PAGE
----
Readers of the Decablog probably assume we just forgot about the blog altogether, but we’ve actually been busy writing a book. In Praise of Old Guys will be released on April 20th at wrathandgrace.com or amazon.com.
I am writing from the Frankfurt, Germany airport on my way to Nigeria. This is my 4th trip to Nigeria, but a very different trip in many ways. If you would like to pray for us, I will share a few details:
- The first leg of my trip begins in Lagos, the southern port city and former capital of Nigeria. Lagos is the 10th largest city in the world. I will be meeting with the only 2 Reformed Baptist Pastors I know of in Nigeria. They have not met each other, so I really look forward to not only meeting them myself, but introducing them to one another. Nigeria is heavily dominated by charismatic teaching, the prosperity gospel, and various cults in addition to about 50% of the country being Muslim. These men have a very difficult time with Reformed doctrine in Nigeria, so I hope I am able to encourage them in their work.
- From Lagos I will travel to Egbe, which is South-Central Nigeria. This is the city I spend the majority of my time in each year. In the past I have preached at a pastor’s conference, but have been dissatisfied with the long term fruitfulness of the conference approach. Last year I decided it was time to start a more long-term training program for men who are considering pastoral ministry. Thankfully, Ephesus Church has raised a significant amount of money along with several other sister churches, and we have received tremendous support from the Reformed Baptist Seminary and were able to put together a 3 year training program very similar to a seminary education in the United States. This year we begin the Institute for Pastoral and Theological Training (IPTT) in Egbe, Nigeria. Each year I will teach a week-long intensive course, and provide the resources necessary for a year’s worth of classes (books, lectures, assignments). We are hand selecting 10 men who will interview for the program and begin classes next week. I will be delivering 24 lectures on the Doctrine of God.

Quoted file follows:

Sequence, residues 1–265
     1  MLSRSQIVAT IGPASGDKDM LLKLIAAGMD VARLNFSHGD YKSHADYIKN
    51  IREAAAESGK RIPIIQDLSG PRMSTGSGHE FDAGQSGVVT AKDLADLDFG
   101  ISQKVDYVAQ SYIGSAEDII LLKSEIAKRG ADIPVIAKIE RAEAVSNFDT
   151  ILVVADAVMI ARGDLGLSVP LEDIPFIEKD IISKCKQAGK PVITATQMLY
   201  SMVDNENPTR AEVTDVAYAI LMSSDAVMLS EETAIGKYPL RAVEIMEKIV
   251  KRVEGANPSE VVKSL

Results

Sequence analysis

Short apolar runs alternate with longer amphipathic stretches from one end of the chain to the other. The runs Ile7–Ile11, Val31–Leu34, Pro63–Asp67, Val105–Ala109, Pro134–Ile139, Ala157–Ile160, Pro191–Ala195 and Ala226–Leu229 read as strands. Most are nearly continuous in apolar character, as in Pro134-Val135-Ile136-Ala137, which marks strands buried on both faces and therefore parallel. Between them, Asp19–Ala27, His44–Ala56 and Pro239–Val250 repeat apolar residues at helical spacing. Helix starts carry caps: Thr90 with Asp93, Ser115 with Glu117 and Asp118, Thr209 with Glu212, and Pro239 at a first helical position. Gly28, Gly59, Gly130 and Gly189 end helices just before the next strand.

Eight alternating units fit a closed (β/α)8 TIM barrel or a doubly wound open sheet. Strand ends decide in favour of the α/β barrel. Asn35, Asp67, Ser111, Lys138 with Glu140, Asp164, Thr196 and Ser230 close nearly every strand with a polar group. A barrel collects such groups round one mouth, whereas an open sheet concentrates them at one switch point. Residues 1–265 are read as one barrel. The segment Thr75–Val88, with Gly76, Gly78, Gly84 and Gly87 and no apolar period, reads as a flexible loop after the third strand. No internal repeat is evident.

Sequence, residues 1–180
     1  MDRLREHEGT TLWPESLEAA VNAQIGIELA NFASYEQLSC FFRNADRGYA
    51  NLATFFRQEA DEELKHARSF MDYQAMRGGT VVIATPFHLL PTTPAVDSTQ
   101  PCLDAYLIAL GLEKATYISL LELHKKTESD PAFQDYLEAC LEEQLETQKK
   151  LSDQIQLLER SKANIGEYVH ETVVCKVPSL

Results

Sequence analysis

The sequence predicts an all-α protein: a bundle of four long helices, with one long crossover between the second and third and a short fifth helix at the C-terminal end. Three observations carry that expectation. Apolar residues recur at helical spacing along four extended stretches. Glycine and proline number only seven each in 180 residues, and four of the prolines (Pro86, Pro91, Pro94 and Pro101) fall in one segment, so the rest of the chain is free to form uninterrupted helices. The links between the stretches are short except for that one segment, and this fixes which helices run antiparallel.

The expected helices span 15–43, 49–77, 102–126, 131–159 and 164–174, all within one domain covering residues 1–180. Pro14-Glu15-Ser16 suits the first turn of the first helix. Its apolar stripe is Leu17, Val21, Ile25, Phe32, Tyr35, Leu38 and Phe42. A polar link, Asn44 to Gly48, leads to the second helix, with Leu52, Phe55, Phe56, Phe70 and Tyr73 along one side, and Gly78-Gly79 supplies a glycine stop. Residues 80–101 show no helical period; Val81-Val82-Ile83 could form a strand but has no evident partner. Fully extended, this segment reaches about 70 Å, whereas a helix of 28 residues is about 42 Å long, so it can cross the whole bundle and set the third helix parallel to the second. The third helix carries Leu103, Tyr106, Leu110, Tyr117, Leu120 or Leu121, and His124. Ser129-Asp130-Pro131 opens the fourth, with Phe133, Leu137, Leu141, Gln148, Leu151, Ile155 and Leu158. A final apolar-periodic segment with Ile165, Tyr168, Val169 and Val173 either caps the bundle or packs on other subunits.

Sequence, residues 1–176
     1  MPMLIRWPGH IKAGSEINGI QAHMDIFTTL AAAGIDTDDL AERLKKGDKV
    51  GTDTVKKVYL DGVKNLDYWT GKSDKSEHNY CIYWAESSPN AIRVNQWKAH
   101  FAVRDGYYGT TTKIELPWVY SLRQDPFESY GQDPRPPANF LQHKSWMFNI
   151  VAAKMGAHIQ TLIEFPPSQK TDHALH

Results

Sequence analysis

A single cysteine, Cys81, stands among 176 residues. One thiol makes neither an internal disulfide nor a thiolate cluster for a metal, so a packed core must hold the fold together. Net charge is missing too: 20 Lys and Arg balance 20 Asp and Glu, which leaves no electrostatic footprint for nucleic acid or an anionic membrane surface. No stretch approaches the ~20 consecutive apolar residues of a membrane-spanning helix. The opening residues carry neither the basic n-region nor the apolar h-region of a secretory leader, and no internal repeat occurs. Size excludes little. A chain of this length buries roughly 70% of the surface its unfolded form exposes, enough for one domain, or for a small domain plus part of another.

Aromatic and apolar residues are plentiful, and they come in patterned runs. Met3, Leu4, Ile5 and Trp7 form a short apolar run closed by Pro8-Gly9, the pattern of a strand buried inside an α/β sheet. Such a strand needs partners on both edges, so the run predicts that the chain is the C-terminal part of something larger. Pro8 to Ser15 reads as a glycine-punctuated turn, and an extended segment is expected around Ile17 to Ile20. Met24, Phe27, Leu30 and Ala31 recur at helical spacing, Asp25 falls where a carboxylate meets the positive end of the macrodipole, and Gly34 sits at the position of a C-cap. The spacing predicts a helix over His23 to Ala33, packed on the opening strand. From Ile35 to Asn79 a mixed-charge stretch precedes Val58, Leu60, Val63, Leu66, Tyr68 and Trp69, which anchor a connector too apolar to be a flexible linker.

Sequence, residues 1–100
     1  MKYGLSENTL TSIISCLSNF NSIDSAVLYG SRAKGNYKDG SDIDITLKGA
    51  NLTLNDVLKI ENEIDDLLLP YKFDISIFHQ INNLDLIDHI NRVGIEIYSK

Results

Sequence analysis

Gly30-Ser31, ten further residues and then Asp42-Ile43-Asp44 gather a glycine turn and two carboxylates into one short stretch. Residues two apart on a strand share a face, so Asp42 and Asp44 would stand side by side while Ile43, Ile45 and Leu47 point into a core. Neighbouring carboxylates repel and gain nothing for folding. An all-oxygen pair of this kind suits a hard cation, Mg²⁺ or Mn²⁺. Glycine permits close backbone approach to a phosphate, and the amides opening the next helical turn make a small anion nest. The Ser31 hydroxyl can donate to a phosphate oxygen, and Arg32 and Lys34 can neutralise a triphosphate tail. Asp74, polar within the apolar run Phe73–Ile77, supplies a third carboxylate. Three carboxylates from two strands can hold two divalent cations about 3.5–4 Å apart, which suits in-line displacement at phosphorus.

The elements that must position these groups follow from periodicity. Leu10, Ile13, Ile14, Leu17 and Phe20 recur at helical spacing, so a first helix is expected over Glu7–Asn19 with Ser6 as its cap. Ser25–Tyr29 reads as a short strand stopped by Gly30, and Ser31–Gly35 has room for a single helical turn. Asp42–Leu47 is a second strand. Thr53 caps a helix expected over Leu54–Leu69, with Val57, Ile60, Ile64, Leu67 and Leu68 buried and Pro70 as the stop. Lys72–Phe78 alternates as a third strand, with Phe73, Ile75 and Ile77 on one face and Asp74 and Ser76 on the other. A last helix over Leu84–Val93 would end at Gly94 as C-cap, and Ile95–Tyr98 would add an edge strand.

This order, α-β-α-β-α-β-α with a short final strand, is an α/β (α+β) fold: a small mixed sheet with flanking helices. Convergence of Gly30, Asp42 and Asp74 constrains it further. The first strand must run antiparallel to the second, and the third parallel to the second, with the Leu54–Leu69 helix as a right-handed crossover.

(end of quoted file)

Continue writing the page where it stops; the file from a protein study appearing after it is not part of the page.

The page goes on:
- I praise God that 4 members of Ephesus Church will be coming at the end of this week to join me. They will be working on various projects in support of the ministry we partner with in Egbe, primarily focused on agricultural and educational work. Please pray for Josh, Tris, Melissa, and Jessie.
- At the end of the trip I will be in Abuja for a few days. Abuja is the capital city of Nigeria. We will have several meeting with denominational leaders and well as government officials. Nigeria is one of the most politically and religiously corrupt countries in the world, so wisdom and discernment are vey important in our interactions.
Overall, I will be gone for 3 weeks, which includes 2 Sundays out of the pulpit at Ephesus Church. I am thankful for the opportunity to serve the nations and pray that God would be glorified through our efforts. As I am able, I will post blog updates if you are interested in our efforts. Thank you for your prayers.
(By: Nick Kennicott)
The Apostle Paul often used illustrations drawn from the world around him to explain Biblical truth and apply it to the Christian life. This is particularly true when he writes about the church. Rather then a systematic and detailed Ecclesiology, the reader is treated to vivid word pictures and metaphors. The church is a human body (1 Cor 12), a carefully constructed building (1 Cor 3), and a pillar (1 Tim 3:15). Often these illustrations are military in nature- church members are soldiers and the church is an army, fighting under the banner of Christ and seeking to advance the cause of the Gospel throughout the world. These references are frequent in Paul’s writings, but are probably most explicit in Ephesians 6: